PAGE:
Like ramen, sushi is one of the dishes you shouldn’t miss when visiting Tokyo. It may be small and perfectly fits the palm of your hand but this bite-size dish is big on flavor and texture. It’s an iconic dish that comes in many forms but is essentially a combination of vinegared rice and seafood, sometimes an addition of nori (seaweed). In recent years, sushi has been developing different flavors and methods, making it accessible to everyone. Some fear the idea of eating raw food that’s why sushi opened its way to boiling or roasting ingredients such as tofu, vegetables, and even wagyu beef for meat lovers. Because of this, the search for the best sushi in Tokyo has been on-going ever since. The different types of sushi are also something to be excited about because it gives variety to taste, size, and flavor. You can always take the classic nigiri-sushi and eat it on its own but if you like it fancy, there’s the maki-sushi, oshi-sushi, and gunkan-maki to name a few. And what’s also amazing about sushi is that you can find it almost everywhere. This delicate yet delectable dish is something one should definitely try.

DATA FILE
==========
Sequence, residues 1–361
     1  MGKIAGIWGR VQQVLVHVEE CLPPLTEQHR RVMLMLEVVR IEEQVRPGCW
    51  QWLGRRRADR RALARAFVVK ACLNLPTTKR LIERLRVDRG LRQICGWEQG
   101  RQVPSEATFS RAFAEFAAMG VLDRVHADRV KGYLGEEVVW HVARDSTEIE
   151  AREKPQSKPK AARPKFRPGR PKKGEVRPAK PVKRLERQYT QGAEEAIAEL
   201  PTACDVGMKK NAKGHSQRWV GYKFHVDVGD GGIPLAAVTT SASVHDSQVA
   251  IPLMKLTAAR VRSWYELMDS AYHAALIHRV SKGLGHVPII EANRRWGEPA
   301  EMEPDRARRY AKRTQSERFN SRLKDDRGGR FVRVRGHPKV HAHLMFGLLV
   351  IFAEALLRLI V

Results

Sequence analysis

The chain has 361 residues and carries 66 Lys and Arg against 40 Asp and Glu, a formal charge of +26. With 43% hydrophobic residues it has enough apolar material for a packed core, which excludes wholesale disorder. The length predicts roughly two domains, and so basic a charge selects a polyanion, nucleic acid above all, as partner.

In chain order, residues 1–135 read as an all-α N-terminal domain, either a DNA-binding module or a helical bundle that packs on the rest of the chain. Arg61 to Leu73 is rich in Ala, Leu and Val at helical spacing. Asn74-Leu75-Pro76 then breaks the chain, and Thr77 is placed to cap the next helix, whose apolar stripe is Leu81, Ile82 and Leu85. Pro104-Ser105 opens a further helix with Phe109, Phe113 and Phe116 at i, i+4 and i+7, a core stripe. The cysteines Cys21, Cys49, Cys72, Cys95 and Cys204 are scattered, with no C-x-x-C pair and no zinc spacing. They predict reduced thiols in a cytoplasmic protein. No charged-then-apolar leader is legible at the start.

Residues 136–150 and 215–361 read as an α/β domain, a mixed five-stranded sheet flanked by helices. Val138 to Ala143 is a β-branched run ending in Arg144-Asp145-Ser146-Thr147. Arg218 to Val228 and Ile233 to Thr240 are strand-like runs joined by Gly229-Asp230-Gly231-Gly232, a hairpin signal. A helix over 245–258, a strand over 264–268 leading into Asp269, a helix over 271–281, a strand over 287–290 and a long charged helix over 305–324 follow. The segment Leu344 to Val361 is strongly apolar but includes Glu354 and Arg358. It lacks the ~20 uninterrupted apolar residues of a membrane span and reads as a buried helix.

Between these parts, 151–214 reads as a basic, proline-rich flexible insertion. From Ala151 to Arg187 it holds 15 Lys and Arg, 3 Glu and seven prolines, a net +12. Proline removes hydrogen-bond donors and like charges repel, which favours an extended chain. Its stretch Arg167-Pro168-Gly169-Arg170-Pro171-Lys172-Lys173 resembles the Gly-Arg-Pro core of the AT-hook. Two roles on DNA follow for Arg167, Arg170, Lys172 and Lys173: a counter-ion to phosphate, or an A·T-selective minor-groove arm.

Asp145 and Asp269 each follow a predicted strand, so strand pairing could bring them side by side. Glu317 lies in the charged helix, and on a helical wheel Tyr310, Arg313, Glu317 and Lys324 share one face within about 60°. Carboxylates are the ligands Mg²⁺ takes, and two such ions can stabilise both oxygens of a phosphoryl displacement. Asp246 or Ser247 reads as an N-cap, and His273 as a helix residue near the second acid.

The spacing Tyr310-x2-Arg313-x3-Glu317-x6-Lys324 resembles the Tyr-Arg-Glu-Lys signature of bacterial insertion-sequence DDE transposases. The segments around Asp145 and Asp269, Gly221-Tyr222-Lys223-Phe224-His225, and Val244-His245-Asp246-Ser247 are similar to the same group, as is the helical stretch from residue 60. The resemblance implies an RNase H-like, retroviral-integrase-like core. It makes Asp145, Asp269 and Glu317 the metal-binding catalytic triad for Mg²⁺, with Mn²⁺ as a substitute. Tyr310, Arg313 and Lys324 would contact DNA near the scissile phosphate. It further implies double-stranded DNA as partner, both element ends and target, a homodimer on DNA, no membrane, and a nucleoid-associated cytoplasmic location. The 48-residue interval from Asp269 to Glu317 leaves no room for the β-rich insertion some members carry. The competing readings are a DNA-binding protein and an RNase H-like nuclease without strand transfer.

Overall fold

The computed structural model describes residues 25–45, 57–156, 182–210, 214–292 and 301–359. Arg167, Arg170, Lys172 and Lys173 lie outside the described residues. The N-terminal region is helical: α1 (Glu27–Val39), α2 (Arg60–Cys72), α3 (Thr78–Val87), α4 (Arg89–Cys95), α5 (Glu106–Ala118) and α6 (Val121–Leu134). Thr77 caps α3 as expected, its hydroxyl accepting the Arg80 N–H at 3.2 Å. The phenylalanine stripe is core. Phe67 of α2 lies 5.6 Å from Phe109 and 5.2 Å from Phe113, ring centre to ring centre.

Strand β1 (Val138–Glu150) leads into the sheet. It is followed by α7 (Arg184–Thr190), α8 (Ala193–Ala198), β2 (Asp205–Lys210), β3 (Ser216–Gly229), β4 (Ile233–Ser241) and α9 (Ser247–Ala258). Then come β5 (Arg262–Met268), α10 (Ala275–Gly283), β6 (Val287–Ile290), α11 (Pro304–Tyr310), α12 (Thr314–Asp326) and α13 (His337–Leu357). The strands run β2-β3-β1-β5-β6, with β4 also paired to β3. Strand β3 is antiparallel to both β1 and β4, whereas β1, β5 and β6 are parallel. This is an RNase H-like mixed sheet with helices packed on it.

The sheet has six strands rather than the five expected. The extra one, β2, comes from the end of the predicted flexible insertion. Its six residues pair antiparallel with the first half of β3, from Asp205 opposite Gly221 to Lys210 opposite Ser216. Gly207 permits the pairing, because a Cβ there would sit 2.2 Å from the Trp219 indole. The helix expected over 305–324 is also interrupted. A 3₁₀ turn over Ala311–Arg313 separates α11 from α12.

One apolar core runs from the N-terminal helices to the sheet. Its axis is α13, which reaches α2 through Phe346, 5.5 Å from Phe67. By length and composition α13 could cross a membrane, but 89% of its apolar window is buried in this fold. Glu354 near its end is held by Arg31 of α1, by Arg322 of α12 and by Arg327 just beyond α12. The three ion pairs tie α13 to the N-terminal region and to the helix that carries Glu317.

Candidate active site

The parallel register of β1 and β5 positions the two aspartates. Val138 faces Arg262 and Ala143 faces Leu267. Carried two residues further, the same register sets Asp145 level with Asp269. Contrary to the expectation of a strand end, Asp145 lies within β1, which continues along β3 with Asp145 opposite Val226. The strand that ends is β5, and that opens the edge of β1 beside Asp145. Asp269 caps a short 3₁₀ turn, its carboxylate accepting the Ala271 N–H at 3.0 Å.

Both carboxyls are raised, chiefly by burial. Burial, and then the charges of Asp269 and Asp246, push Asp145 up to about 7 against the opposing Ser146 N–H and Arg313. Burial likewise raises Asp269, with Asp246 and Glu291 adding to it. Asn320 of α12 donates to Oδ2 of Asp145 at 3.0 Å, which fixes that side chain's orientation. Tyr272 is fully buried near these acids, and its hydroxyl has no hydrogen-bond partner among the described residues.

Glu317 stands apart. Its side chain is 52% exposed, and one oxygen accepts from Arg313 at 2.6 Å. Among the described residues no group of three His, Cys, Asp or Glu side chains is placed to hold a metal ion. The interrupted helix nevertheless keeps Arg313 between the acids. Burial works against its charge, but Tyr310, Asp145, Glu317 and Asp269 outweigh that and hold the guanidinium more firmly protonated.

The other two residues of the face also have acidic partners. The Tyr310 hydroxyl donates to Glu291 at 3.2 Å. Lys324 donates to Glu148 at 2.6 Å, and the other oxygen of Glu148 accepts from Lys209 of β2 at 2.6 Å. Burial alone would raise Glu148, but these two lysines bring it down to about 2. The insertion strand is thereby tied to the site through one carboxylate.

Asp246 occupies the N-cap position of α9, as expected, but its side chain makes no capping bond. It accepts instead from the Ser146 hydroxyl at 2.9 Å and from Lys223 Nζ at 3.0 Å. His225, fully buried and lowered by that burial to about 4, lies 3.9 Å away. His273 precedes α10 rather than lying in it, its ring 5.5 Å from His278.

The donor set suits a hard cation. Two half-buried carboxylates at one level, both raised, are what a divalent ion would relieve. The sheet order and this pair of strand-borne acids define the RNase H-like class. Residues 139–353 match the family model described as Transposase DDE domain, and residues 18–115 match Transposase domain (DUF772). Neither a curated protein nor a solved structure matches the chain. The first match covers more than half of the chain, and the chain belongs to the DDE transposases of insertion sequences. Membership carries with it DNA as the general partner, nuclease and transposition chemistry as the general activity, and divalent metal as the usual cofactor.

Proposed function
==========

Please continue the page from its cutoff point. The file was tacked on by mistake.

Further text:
There are a lot of restaurants which offer great servings of sushi. You can easily find it in convenience stores, stalls, and high-end restaurants. Because of its authenticity, some of these restaurants charge expensively but of course, you can always roam around and score these delicious fellows for a cheaper price without scrimping on flavor and taste.
Sushi Saito will probably take you months to get a reservation here but it’s all worth it. They are one of the best sushi dishes in town that a typical serving of sardine will come out exquisitely glorious.